Yesterday, I had the pleasure to co-present with Melika Golkaram of Google and Moore Macauley from Harmonic on “Building a next generation streaming platform with Sky”.
Melika reminds us that streaming is a new industry and provides insight into YouTube and how our viewing habits have changed since it’s launch in 2005. One amazing statistic is that we’re now consuming one billion hours of content per day and explains how Google are making the necessary investments to meet the needs of media companies.
I explain (15:25) the technical and business benefits of moving live sports workloads to the cloud and introduce our Software Defined Streaming platform, which is designed for highly available live streaming. We call this concept the Single Channel Fault Domain, where we run a synchronised live channel across two data centres and demonstrate how the system can self-heal without impacting customer viewing.
Moore explains (40:52) how Harmonic collaborated with Sky and Google to solve several difficult engineering challenges and demonstrates a live channel running in google cloud.
17th April Update: Slides are now available.
I’m very grateful to have been asked to speak on two panels at the Streaming Forum conference in London, ExCel on the 26th February, where we’ll be discussing “OTT: Better than broadcast?” And “OTT moves towards microservices”.
The conference programme is available here and here’s a sample of topics below. Hope to see some of you there
I’m very grateful to have been asked to speak on a panel at the TV Connect conference in London, Olympia on the 9th May, where I will be discussing “The Great Codec War”. The conference programme is available here and here’s a sample of topics below. Hope to see some of you there 🙂
To follow up my previous series of five articles on the important elements of a live streaming service, I created an internal training course for Sky staff covering; transcoding, packaging, encrypt, origin/CDNs and video quality.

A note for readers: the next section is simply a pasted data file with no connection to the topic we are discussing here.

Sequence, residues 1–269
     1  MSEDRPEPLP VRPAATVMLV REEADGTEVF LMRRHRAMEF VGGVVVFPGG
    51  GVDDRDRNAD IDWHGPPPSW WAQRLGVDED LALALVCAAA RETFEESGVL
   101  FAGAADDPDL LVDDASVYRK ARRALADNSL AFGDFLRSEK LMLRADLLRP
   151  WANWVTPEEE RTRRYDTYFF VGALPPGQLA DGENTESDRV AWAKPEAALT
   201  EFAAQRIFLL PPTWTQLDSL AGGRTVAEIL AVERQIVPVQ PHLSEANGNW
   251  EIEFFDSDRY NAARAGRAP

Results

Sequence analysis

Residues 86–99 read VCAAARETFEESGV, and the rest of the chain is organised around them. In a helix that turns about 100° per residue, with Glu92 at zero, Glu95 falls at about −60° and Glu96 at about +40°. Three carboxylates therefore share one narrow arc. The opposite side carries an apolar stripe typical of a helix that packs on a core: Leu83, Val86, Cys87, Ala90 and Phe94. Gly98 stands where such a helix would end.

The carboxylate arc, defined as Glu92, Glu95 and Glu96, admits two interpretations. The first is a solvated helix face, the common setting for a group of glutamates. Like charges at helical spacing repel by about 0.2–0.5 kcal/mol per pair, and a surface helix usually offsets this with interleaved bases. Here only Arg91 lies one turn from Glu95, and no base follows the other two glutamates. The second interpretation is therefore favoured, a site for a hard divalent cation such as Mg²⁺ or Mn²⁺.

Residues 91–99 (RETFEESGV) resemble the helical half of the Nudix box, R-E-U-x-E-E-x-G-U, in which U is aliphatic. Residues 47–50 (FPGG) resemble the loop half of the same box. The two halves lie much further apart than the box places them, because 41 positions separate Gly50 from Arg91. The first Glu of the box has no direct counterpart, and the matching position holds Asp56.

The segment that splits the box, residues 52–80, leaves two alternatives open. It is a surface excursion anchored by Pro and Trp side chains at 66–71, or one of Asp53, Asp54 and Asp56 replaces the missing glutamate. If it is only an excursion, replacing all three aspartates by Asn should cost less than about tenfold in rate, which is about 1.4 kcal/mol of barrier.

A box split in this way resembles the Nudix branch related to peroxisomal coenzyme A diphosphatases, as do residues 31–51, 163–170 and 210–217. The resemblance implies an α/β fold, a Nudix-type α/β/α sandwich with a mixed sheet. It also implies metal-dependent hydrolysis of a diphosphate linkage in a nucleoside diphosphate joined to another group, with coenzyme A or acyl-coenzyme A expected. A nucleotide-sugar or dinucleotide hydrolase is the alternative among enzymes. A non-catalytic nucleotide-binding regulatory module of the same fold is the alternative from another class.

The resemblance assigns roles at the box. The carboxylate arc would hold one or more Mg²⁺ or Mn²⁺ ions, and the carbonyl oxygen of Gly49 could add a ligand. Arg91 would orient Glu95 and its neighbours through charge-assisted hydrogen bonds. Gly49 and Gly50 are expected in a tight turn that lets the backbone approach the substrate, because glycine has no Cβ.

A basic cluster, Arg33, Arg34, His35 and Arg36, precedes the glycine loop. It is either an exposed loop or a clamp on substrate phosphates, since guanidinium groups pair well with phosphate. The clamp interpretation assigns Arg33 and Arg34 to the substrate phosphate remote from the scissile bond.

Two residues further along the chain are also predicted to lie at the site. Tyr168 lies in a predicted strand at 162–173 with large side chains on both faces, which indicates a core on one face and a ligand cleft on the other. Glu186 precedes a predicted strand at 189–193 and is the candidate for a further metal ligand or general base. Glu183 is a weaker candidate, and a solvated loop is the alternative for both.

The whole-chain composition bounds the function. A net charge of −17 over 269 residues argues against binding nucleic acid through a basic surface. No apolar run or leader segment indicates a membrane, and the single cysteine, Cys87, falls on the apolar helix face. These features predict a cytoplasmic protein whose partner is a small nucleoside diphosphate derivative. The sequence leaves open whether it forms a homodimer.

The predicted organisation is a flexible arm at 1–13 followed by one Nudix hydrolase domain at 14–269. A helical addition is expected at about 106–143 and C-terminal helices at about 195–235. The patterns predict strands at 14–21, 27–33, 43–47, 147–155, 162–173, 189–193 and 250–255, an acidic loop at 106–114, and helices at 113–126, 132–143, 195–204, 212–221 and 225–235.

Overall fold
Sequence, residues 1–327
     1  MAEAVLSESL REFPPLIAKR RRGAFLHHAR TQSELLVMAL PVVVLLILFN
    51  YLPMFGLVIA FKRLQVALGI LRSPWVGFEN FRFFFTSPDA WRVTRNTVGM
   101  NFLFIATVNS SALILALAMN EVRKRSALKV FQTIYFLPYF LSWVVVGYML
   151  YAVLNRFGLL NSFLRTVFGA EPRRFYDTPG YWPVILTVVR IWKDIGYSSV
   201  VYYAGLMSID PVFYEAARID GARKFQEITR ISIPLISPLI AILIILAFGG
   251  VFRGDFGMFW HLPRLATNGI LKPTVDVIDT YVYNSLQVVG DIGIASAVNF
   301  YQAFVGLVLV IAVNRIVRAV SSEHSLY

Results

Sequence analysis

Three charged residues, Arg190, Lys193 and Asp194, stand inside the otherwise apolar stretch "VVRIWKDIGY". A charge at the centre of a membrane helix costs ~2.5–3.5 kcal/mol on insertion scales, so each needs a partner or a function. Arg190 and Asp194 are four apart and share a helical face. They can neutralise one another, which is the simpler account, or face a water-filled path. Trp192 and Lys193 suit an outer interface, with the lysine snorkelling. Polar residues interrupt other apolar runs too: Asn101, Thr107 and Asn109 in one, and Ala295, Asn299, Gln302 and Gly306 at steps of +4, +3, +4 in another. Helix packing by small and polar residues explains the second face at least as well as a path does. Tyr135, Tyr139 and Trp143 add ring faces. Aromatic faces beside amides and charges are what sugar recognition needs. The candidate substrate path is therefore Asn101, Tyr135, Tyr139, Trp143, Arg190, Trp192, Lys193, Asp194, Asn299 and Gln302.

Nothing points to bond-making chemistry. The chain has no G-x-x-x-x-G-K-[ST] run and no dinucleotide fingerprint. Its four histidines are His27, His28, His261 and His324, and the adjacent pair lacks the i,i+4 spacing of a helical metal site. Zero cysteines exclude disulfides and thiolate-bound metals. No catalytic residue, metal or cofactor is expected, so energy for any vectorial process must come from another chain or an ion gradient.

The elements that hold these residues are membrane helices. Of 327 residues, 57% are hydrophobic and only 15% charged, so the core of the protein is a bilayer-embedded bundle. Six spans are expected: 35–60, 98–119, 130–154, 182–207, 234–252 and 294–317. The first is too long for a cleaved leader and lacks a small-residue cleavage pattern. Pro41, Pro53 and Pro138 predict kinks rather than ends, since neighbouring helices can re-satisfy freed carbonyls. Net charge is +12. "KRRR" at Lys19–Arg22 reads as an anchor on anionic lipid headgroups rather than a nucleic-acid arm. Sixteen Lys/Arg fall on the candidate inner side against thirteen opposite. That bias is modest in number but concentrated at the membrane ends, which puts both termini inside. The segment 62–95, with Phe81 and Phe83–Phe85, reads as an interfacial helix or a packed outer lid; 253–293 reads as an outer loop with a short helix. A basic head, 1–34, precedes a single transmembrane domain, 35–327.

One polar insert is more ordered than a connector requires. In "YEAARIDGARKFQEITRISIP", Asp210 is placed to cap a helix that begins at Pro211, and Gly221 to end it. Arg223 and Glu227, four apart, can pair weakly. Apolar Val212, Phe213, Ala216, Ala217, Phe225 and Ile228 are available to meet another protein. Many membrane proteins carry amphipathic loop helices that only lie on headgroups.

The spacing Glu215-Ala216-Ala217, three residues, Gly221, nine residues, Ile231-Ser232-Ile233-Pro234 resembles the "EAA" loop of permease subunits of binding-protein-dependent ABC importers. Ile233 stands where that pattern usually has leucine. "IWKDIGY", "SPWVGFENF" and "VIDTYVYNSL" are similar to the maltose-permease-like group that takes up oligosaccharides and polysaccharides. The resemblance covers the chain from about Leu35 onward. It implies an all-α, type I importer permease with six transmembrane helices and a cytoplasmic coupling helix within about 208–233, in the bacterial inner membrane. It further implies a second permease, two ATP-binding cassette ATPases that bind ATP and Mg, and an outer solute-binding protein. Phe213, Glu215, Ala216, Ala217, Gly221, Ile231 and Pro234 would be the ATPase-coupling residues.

I wanted to explore new ways of bringing training to life and created an annotated online presentation of Content Delivery Networks using the excellent prezi.com site. I hope you find it informative.
Often in technology, in order to move forward, we need to look at where we have been.
Yesterday, I was invited to present the keynote at the Streaming Forum conference in London and described how we are moving from an appliance-based architecture to a containerised based architecture.
For example with our old platform, it would take up to 4 weeks to configure, test and launch new live channels compared to minutes with our new platform.
Another important aspect of this change is to break away from being attached to equipment and offered the Pets versus Cattle analogy with the emergence of Streaming DevOps being the merging of two skill sets to optimise the video workflow.
One area, that I did not have time to discuss was the cultural changes that needed to happen to make Streaming DevOps a reality. We’ve worked really hard to integrate Streaming engineers and DevOps engineering together so that the whole is greater than the sum of the parts. This means that engineers now have time for research and development to enhance our services. This is critical to success as we need to be able to see the whole forest and not just the trees.
Streaming Media Global published a review of the keynote, which can be found here.
The slides are available below;
I’d like to thank Eric Schumacher-Rasmussen for inviting me to speak and Dom Robinson of Streaming Media for an interesting panel discussion.